Highland News Leader

Highland woman pleads guilty to stealing money meant for needy families

Amy Mueller
Amy Mueller Courtesy image

A former Illinois Department of Human Services caseworker from Highland pleaded guilty Monday to stealing thousands of dollars in assistance for needy families and was sentenced to four years in prison.

Amy Mueller, 40, pleaded guilty to aggravated identity theft in Madison County Criminal Court before Judge Kyle Napp. In addition to the prison time, and she was ordered to pay $30,000 in restitution.

Instead of assisting families in need, this defendant stole tens of thousands of dollars in taxpayer money.

Illinois Attorney General Lisa Madigan

Mueller was a former IDHS caseworker at the department’s Madison County Family Community Resource Center. She created fake benefit accounts using legitimate clients’ personal information then made cash withdrawals that she spent for her personal use, including on vacations, restaurant visits, massages, tanning sessions and nail salons.

“Instead of assisting families in need, this defendant stole tens of thousands of dollars in taxpayer money,” said Illinois Attorney General Lisa Madigan.

Madigan’s Public Integrity Bureau, with assistance from IDHS and the Illinois State Police, investigated the case.

In the original charges, Madigan alleged Mueller stole approximately $159,222 while she was an employee of IDHS. Mueller worked for IDHS from 1998 to 2015. The thefts occurred from 2012 through 2015.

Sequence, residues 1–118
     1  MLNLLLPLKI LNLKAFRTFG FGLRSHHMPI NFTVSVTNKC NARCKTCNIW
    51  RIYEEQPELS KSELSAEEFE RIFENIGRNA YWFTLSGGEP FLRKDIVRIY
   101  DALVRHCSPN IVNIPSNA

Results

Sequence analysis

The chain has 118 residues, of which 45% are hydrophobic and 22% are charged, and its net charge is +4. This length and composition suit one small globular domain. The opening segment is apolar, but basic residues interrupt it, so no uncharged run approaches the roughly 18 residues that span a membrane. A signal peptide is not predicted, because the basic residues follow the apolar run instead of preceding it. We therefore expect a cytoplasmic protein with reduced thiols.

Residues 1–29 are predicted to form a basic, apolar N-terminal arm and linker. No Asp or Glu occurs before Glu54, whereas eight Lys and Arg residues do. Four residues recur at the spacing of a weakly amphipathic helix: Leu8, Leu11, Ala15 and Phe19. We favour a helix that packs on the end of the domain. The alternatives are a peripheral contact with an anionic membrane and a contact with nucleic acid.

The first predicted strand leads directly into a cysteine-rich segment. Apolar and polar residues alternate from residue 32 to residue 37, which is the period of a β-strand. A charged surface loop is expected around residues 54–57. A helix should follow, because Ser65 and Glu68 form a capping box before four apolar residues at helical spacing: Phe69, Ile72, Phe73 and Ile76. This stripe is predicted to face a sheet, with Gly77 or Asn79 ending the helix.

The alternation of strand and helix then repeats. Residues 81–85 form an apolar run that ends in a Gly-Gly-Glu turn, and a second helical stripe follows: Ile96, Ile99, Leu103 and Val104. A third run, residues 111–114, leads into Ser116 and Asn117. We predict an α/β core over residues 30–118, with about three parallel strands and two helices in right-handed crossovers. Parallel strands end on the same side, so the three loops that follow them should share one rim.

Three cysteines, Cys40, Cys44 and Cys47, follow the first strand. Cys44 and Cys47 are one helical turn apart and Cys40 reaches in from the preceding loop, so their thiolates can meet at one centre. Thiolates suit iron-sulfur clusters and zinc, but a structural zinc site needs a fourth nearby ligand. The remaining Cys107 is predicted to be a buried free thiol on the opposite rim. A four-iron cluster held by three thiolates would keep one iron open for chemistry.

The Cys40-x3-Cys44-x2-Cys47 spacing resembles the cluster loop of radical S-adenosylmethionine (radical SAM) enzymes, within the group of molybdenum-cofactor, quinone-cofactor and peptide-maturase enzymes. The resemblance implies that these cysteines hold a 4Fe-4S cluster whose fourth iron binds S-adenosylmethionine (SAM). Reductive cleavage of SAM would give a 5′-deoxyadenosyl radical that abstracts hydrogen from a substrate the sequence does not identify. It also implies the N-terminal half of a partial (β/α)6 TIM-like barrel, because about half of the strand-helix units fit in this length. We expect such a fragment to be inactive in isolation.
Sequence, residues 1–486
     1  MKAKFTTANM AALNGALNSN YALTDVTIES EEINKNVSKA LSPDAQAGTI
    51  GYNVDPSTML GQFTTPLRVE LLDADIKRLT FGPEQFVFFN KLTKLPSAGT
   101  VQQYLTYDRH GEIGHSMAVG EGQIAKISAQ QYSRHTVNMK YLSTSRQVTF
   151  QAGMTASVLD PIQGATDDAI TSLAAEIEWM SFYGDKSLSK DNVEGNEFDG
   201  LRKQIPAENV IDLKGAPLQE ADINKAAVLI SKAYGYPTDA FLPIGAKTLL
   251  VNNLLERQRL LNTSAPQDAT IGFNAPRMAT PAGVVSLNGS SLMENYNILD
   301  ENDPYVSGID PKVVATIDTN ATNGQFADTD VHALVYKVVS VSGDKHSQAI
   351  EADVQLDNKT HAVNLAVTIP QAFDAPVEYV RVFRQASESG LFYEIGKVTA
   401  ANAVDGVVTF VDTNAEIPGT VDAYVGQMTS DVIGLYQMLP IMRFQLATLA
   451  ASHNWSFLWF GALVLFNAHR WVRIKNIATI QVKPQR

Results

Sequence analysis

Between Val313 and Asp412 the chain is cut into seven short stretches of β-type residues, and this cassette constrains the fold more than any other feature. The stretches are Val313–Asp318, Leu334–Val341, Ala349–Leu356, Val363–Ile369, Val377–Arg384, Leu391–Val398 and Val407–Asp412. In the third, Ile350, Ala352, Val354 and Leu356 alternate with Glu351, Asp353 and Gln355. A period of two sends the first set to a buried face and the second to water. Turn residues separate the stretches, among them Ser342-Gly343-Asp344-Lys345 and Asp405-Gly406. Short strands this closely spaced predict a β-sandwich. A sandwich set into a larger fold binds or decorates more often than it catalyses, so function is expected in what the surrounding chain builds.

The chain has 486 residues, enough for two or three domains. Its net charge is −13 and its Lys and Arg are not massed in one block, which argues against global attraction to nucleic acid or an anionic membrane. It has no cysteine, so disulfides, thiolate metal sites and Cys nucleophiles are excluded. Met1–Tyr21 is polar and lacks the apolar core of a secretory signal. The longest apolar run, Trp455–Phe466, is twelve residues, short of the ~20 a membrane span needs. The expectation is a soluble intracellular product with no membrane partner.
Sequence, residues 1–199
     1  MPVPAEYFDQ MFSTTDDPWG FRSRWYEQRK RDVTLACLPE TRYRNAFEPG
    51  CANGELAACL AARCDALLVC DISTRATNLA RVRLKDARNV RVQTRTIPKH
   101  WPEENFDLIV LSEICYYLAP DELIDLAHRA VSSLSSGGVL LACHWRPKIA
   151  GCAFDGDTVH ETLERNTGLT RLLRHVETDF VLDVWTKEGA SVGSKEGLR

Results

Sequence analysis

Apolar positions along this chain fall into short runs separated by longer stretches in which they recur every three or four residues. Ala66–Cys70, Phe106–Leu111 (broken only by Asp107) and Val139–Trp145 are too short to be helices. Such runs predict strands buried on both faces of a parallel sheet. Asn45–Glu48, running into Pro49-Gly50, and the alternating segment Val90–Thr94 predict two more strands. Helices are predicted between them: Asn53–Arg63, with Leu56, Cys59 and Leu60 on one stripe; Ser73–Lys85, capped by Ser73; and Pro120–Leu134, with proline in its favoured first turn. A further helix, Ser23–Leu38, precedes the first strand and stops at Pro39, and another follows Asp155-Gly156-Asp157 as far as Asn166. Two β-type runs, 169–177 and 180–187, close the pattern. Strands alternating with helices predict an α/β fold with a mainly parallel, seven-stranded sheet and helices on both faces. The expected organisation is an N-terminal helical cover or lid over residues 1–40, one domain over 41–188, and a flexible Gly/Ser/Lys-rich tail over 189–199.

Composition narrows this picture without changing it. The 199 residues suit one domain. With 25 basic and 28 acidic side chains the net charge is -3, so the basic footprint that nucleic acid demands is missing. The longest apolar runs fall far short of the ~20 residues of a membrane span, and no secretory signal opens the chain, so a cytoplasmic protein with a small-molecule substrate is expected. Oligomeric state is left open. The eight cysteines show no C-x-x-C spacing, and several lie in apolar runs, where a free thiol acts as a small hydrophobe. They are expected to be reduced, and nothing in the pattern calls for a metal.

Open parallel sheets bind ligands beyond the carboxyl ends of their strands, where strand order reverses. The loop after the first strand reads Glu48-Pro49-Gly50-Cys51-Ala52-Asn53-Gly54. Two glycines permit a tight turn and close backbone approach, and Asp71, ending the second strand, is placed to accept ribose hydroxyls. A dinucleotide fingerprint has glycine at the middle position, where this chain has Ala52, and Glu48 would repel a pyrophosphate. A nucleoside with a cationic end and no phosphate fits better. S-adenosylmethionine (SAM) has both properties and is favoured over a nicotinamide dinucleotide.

The restitution amounted to only about 19 percent of what Mueller was alleged to have taken. The court and prosecutors take into account things like a person’s ability to pay, as well as the length of the prison sentence when determining restitution.

She spent the money on vacations, restaurant visits, massages, tanning sessions and at nail salons.

Mueller’s prison time was also much less than the maximum time she could have faced if she had been convicted on all charges. When Mueller was arraigned on Thursday, Nov. 19, 2015, she was charged with one count of theft exceeding $100,000 of government money, a Class X offense punishable by six to 30 years in prison; one count of aggravated identity theft, a Class 1 felony punishable by four to 15 years in prison; two counts of identity theft, a Class 2 felony punishable by three to seven years in prison; and five counts of official misconduct and three counts of wire fraud, Class 3 felonies punishable by two to five years in prison.

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